Material: Oil on canvas
Those who wish to sing always find a song. – Swedish proverb
All of her lectures start the same, something like: “My name is Greta Thunberg, I am 16 years old (or 17-19), and I’m a climate activist from Sweden”. She’ll go on to bluntly tell you, “Our house is on fire,” or “I want you to panic,” or “This is all wrong – I should not be standing here,” or “You don’t want to listen to us because we are just children.”
Do you not want to listen to her? Does her message about fixing our global warming problem make you uncomfortable? Then I will advise you to hedge your bet and play along anyhow. She’s our “canary in a coal mine”. When your canary drops dead, it’s time to flee the coal mine, not try to alter reality by closing your eyes and holding your ears. But if your mule drops dead in a coal mine, you’re living in the wrong century. You refuse to listen to a woman? Then you’re living half a life. You won’t listen to someone who wears braids? Then don’t tell me how much you like Willie Nelson. You won’t listen to someone with a mental disorder? I’ll ask you, what is mental order supposed to look like? Greta courageously admits she is autistic. Specifically, she has Asberger’s Syndrome. She is “on the Spectrum”, as we say. (This painting’s colors came to me in a dream.) But we all are – the Spectrum is a 360 degree seamless wheel of color. (If you aren’t, I’d like to know where you’re hiding.) But, her mind sees in black and white. So, she can identify a life-or-death situation when she sees one and quickly frame our options. When the stigma of being non-ordinary is overcome (they are fabrications anyhow), and when a mental illness is effectively managed, it can make a messenger from another time and place out of someone we would, in more ignorant times, shunt aside. That is some very creative soil, and another resource worth saving. You sometimes need to listen to what you don’t want to hear. Listen and learn. Now. It’s not too late. Yet.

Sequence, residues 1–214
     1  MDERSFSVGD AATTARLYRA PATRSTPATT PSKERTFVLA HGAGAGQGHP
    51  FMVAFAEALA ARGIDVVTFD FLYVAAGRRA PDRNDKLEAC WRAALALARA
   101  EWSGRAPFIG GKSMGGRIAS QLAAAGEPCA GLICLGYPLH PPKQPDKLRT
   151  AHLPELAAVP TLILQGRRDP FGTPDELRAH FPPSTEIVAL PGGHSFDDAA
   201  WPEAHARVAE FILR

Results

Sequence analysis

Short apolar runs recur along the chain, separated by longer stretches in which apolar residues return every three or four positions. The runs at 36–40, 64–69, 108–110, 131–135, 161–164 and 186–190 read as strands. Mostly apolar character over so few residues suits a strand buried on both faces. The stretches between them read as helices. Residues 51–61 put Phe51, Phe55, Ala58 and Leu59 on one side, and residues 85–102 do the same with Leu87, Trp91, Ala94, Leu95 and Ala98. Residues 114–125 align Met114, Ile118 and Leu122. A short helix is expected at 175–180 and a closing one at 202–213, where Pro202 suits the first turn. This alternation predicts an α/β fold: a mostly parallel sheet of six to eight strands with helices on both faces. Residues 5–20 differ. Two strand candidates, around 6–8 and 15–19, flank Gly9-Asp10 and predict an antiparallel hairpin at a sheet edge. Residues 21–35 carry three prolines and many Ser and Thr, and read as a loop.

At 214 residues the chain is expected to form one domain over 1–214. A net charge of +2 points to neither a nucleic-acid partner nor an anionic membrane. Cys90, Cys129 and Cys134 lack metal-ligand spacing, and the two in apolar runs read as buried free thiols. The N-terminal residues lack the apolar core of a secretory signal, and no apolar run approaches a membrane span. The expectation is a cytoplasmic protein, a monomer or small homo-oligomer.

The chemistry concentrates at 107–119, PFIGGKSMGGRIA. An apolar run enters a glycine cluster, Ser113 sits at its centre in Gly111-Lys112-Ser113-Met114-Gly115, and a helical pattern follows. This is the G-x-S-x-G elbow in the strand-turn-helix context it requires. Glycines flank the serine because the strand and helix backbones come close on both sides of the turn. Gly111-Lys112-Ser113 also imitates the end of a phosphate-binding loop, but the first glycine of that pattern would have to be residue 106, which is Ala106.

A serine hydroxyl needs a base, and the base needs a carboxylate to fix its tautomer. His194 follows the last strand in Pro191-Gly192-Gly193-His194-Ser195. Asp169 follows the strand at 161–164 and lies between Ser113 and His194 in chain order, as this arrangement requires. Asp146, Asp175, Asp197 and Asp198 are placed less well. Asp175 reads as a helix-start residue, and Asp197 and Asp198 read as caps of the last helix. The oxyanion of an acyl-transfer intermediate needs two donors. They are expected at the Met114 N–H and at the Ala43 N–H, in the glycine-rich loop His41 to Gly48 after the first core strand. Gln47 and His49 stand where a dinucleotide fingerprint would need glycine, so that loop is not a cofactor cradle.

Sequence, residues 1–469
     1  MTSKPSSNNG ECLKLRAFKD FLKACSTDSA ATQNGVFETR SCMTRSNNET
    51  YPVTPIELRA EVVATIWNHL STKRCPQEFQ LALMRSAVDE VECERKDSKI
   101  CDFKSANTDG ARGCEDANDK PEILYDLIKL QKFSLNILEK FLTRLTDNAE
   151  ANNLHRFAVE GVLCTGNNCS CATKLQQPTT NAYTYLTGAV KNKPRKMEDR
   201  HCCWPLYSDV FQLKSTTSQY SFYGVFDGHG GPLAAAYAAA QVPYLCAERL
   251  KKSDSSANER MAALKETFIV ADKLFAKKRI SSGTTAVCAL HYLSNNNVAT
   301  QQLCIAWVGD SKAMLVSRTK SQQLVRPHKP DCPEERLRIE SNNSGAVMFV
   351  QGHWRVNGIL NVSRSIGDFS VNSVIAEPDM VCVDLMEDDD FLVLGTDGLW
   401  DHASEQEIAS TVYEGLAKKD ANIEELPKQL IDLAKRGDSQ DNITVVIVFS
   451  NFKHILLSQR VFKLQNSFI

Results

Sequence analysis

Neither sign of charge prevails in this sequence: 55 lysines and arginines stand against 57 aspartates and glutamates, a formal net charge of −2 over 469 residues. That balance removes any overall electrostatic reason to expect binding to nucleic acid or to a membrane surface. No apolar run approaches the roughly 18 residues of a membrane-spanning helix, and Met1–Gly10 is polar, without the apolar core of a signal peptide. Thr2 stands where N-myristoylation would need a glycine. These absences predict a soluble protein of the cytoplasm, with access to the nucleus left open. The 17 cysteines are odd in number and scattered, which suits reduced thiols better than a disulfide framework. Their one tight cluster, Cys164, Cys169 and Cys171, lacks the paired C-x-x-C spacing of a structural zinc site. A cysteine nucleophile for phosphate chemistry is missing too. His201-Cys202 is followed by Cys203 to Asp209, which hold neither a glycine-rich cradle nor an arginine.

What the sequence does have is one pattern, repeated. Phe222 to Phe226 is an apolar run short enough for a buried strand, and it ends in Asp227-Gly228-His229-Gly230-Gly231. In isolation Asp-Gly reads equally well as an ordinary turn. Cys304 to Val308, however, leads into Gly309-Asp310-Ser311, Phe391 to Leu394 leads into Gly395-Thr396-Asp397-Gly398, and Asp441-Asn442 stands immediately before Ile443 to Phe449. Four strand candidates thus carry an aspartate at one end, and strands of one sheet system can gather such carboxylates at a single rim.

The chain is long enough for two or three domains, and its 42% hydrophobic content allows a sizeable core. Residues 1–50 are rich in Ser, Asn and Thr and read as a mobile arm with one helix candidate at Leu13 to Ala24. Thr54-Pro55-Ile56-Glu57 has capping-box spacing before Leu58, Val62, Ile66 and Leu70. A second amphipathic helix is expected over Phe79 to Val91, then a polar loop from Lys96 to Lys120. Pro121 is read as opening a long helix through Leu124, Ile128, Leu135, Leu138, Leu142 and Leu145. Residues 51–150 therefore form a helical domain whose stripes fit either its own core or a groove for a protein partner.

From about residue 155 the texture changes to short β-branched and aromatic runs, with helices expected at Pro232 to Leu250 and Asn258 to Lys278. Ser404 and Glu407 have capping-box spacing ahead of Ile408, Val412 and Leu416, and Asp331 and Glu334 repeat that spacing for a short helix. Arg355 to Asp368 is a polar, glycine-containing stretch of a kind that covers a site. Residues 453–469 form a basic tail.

Greta (Swedish) and I (Finnish) also share the rising Baltic Sea, in which she here stands with braids like the anchor chains of an ice-breaker.